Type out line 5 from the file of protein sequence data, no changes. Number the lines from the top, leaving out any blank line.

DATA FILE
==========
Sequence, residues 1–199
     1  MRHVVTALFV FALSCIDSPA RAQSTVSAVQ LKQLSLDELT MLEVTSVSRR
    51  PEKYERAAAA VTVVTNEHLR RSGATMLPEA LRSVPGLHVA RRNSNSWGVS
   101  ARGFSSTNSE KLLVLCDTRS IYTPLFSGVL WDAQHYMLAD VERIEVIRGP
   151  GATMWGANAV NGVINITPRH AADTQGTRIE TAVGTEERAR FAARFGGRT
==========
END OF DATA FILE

   151  GATMWGANAV NGVINITPRH AADTQGTRIE TAVGTEERAR FAARFGGRT